Today’s Quote of the Day at Abnormal Returns (from Dustin Curtis): “The future is extremely hard to see through the lens of the present. It’s very easy to unconsciously dismiss the first versions of something as frivolous or useless. Or as stupid ideas.”
Indeed. It’s remarkably easy to miss the boat entirely. As a consequence, flawed predictions abound and aren’t limited to the economy or the markets. Enjoy these ten from the tech world….
“Visionaries see a future of telecommuting workers, interactive libraries and multimedia classrooms. They speak of electronic town meetings and virtual communities. Commerce and business will shift from offices and malls to networks and modems. And the freedom of digital networks will make government more democratic.
“Baloney. Do our computer pundits lack all common sense? The truth is no online database will replace your daily newspaper, no CD-ROM can take the place of a competent teacher and no computer network will change the way government works.”
Stoll didn’t stop there: “Try reading a book on disc. At best, it’s an unpleasant chore: the myopic glow of a clunky computer replaces the friendly pages of a book. And you can’t tote that laptop to the beach. Yet Nicholas Negroponte, director of the MIT Media Lab, predicts that we’ll soon buy books and newspapers straight over the Internet. Uh, sure.”
The wonderfulness just won’t stop: “So how come my local mall does more business in an afternoon than the entire Internet handles in a month? Even if there were a trustworthy way to send money over the Internet—which there isn’t—the network is missing a most essential ingredient of capitalism: salespeople.”
Read it all, please, but here’s the send-off (which isn’t entirely wrong): “While the Internet beckons brightly, seductively flashing an icon of knowledge-as-power, this nonplace lures us to surrender our time on earth. A poor substitute it is, this virtual reality where frustration is legion and where—in the holy names of Education and Progress—important aspects of human interactions are relentlessly devalued.”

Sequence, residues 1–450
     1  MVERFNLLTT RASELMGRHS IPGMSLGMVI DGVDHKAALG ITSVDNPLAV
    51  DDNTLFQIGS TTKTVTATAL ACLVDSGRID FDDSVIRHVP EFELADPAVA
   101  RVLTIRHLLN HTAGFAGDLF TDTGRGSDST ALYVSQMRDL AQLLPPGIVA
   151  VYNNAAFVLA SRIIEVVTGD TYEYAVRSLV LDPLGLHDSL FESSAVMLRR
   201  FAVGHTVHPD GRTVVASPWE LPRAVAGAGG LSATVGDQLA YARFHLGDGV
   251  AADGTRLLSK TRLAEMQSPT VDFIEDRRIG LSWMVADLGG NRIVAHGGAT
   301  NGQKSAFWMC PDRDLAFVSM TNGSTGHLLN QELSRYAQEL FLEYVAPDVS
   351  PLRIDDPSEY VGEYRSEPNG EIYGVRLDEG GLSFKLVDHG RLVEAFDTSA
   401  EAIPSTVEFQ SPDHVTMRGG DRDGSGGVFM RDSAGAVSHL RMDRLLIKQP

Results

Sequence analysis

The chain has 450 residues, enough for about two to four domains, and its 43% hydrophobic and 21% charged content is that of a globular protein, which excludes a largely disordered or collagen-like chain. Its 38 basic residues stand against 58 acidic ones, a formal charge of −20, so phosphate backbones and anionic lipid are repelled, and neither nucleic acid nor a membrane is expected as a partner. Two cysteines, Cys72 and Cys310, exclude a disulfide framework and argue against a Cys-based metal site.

Ironically, it was Newsweek that didn’t survive (in print at least). To be fair, Stoll himself is humbled, calling his piece (see the comments to the linked piece) a “howler” and a reminder that he (like we) can be very, very wrong.
Western Union internal memo, 1876: “”This ‘telephone’ has too many shortcomings to be seriously considered as a means of communication. The device is inherently of no value to us.”
Author Bruce Sterling told The New York Times: “Using Twitter for literate communication is about as likely as firing up a CB radio and hearing some guy recite ‘The Iliad.'”
Lord Kelvin, renowned scientist and President of The Royal Society, 1895: “Heavier-than-air flying machines are impossible.”
Tech and travel journalist Erik Sandberg-Diment, in a December 8, 1985, op-ed in The New York Times: “Somehow, the microcomputer industry has assumed that everyone would love to have a keyboard grafted on as an extension of their fingers. It just is not so … Because no matter how inexpensive the machines become, and no matter how sophisticated their software, I still can’t imagine the average user taking one along when going fishing.”
Microsoft CEO Steve Ballmer: “There’s no chance that the iPhone is going to get any significant market share. No chance.”
From a 1939 editorial in The New York Times: “TV will never be a serious competitor for radio because people must sit and keep their eyes glued on a screen; the average American family hasn’t time for it.”
Viacom and CBS Chairman Sumner Redstone: “I will believe in the 500-channel world only when I see it.”
RCA executive in response to David Sarnoff’s pitch for investment in radio: “The wireless music box has no imaginable commercial value. Who would pay for a message sent to nobody in particular?”